Do We Appreciate Soil?
The earth’s soil provides nearly all of our food, can prevent disease and contains nearly one-third of all living organisms. Soil cleans the water flowing into our rivers and lakes. It absorbs vast quantities of carbon, second only to the oceans.
It is interesting to note a mere 0.5 percent of Canada is comprised of Class 1 soil (the most suitable for agriculture) and more than half of that is in Ontario. Farmland is important.
Any material, natural or synthetic, that is applied to soils or directly on the plants to supply one or more nutrients essential to the growth of the plants is considered a fertilizer. Fertilizers are food for plants.
Currently our food system is reliant on fossil fuel energy for synthetic nitrogen fertilizers and petroleum based agrochemicals. It is the food industry’s reliance on fossil fuels that has enabled increased production and low prices in tune with our growing global population.
Soil compaction can seriously degrade the ability to grow crops. It is the compression of soil particles into smaller and tighter volume, which reduces the pore space available for air, water and organisms necessary for healthy earth. Compaction impedes root growth and can decrease plants’ ability to take up nutrients and water.
Farmers are careful stewards of their soil. They avoid working wet soil, reduce tillage as much as possible, and use the right equipment for the size of the job. They are well aware of the quality of soil, and work to refresh and build-it up as necessary.
Biosolids are the concentration of all domestic and industrial pollutants that go down drains and sewers. This includes human excrement, microplastics, prions, pharmaceuticals, superbugs, nanomaterials, fire retardants, and a myriad of other toxins.
Dr. Caroline Snyder says “Land-applied municipal sewage sludge (biosolids) is a highly complex and unpredictable mixture of biological and chemical pollutants. Biosolids generated in our large industrialized urban centers is very likely the most pollutant- rich waste mixture of the 21st century.”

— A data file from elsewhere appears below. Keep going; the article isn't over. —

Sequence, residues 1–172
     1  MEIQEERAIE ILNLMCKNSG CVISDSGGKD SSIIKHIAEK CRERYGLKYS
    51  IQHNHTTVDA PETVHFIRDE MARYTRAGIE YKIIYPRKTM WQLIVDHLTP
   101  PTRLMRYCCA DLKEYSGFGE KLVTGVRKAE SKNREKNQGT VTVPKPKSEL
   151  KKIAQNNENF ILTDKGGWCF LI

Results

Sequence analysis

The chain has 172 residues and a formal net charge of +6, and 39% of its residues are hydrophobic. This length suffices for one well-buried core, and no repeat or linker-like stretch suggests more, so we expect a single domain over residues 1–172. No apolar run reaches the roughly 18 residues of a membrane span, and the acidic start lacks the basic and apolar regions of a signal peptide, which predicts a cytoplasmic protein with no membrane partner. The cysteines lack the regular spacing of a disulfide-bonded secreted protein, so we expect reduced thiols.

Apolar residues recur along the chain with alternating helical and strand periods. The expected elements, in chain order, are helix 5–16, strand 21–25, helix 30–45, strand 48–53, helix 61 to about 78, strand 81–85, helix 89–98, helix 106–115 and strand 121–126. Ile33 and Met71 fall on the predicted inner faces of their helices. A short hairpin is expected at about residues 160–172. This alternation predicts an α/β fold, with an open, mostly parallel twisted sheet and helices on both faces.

Activists are calling for the Canadian government to label food products that have been produced with the use of sewer sludge as fertilizer saying the public has the right to know if its foods were grown in soils on which waste treatment sludge residuals were disposed. They note that Switzerland has completely banned the use of biosolids on agricultural soils and suggest that Canada should do so too. The Swiss took this stand because of “the risk of irreversible damage to the soil, the danger to public health and possible negative effects on the quality of the food farmers produce” … “the precautionary principle has absolute priority in soil protection”.
Currently it is not illegal in Canada for farmers to use biosolids as rich non-fossil fuel fertilizer. It is up to the farmer to decide what is right for his land, family, and business.
It can be argued that we simply use the soil, extracting every bit of goodness from the earth. Perhaps, for the most part, we do. Today our soil is not enough to stop agrochemicals from reaching our waterways or polluting our lakes.
The good news is that there are organic farmers who are re-learning to live with the land, adapting to Mother Nature and her natural systems.
However, in the end, farmers do what they must to survive.
All we can do is stay vigilant. Check our food sources, ask questions, learn, and make decisions in the best interests of ourselves, our children and our grandchildren, and demand that our government put #FoodAndWaterFirst.